"I can foresee a time when we can sign leases online because of the new act that was just passed by Congress allowing electronic signatures. I can see that being advantageous in the future, but it has not yet been revolutionary in this industry."

Some are more optimistic about the web. "The Internet is going to continue to play a vital role in this industry in selling your product to the marketplace," says Dave Cook of Tacoma, Wash.-based Tech-Fast Metal Systems. "It's going to be much more interactive as a part of e-business as opposed to simply a marketing tool. Convenience, speed and accessibility to information are going to help you stand out from your competitor. And that's what the industry has always been doing anyway--from building plain, rectangular boxes in an industrial site to an architecturally pleasing, multistory project in a residential zone, you're providing convenience and services closer to the needs of the consumer."

Other types of technology are also making an impact for Cook. "From the construction process side, we and others are pursuing technology as a means of providing a better-quality product to the marketplace faster," he says. "Speed is a huge motivator from a development perspective, because the obligations are in place, and another day that goes by is another day of rent you don't receive until you get open.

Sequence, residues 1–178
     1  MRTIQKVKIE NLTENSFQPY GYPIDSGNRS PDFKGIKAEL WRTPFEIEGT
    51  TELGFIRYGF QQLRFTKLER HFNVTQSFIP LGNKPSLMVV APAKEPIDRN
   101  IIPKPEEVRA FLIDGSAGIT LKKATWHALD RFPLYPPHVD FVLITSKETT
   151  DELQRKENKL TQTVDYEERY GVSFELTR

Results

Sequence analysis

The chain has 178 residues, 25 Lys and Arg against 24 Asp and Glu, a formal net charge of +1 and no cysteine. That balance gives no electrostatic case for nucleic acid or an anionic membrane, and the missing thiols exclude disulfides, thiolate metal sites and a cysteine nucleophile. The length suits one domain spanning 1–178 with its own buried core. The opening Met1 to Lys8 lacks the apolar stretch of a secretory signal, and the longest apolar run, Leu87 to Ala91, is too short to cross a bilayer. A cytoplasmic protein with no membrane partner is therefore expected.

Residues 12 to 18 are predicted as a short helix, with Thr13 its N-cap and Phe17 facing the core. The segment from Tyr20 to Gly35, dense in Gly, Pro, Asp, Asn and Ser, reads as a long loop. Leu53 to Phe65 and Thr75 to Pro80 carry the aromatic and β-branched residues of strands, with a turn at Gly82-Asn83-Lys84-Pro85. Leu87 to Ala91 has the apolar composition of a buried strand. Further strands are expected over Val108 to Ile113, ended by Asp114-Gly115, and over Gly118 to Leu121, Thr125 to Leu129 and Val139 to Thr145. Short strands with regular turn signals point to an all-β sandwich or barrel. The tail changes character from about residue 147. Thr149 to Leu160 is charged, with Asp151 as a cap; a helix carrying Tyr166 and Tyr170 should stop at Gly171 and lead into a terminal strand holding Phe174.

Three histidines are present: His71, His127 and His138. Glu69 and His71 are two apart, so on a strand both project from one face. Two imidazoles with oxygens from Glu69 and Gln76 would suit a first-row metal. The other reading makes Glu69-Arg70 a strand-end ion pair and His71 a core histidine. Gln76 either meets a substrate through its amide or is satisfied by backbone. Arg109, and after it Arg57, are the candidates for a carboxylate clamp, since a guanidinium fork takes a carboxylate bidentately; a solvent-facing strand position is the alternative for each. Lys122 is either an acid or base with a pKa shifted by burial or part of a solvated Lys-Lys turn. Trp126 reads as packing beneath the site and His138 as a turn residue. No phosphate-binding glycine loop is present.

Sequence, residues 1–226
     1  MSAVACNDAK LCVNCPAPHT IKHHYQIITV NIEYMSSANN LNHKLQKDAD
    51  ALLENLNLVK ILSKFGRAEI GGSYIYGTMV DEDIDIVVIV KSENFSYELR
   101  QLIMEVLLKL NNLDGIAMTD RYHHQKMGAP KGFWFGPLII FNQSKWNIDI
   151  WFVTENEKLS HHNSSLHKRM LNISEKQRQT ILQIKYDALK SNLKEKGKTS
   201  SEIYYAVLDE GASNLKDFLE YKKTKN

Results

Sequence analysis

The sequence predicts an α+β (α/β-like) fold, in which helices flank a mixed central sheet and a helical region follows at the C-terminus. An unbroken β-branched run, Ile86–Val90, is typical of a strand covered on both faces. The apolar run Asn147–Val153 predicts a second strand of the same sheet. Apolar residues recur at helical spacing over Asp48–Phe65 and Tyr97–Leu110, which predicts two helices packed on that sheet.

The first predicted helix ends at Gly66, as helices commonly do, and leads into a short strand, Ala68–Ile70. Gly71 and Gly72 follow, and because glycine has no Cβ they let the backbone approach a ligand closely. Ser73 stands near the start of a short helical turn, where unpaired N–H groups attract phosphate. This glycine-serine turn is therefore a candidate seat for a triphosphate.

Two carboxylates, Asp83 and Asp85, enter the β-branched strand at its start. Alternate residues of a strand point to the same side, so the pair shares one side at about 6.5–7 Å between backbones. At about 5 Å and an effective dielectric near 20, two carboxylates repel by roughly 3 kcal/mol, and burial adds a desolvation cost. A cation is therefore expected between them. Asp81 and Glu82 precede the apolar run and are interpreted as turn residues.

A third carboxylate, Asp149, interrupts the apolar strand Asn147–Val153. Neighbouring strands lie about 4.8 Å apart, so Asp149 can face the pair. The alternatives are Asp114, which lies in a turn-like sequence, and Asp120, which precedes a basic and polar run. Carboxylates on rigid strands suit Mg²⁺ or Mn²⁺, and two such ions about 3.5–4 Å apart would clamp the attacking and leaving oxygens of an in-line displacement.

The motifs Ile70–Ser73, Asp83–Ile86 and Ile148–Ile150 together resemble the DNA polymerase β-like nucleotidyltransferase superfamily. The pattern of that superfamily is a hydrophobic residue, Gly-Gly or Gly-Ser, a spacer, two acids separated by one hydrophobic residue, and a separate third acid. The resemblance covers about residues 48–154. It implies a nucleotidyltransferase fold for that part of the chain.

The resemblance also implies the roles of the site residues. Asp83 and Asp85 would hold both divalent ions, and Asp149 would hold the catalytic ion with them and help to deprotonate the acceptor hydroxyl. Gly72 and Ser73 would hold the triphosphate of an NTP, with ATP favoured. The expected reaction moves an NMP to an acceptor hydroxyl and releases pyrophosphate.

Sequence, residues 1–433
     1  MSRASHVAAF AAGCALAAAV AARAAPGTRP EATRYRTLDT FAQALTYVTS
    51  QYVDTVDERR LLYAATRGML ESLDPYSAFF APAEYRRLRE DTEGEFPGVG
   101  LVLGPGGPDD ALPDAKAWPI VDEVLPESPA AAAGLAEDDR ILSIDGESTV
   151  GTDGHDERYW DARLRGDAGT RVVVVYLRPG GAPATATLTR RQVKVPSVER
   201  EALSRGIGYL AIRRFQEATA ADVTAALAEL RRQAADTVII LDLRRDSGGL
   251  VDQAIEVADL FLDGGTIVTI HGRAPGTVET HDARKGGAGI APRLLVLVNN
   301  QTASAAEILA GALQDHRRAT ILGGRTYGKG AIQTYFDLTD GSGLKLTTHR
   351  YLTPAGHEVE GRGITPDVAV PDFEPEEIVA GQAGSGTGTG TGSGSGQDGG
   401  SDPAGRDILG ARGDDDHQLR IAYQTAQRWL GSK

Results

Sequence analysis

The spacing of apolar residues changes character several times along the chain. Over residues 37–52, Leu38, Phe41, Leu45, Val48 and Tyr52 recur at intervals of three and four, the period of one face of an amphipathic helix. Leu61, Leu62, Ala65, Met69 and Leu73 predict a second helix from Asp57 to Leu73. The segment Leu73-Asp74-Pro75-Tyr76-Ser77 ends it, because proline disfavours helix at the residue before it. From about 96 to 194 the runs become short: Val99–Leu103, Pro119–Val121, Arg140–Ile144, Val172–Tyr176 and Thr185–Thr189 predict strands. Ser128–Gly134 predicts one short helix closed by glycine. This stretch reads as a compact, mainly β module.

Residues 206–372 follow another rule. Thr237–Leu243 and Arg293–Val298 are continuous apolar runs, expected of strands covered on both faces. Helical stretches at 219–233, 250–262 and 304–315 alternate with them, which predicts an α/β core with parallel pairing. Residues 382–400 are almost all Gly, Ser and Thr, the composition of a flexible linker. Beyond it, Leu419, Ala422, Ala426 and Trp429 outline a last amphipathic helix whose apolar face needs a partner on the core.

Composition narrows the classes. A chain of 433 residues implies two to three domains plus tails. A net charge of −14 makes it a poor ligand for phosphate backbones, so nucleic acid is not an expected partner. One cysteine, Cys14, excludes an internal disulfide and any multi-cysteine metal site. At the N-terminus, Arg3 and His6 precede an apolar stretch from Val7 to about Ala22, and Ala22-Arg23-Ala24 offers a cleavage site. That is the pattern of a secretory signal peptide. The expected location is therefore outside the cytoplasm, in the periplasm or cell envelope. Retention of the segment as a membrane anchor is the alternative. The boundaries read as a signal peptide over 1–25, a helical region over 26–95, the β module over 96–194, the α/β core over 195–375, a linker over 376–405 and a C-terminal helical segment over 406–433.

"We view technology as an absolute requirement to stay competitive and ahead of the market. We need to push on that because the timeline is being pulled from the other direction--zoning conditions, code requirements and the permitting process are getting longer. You need to be pushing the speed of what you have under your control, because the things out of your control are taking longer."

Management

Though owners of self-storage facilities may possess a world of knowledge and experience, it's widely believed an individual facility is only as successful as its on-site manager. However, for some self-storage operations, finding and keeping good management is a monumental struggle.

"Most of the really top-notch managers who have been around awhile are able to acquire the positions with companies that are offering higher pay, better benefits, etc.," says Holsinger of Executive Self-Storage. "The industry is still, in my opinion, lagging in terms of manager salaries and being able to compensate employees for what they actually accomplish. It's no longer just 'Let's hire an older couple that has a retirement income and let them be caretakers.' That age is gone. You need somebody who's aggressive in selling, intelligent in office procedures and has the common sense to help both the customer and the company."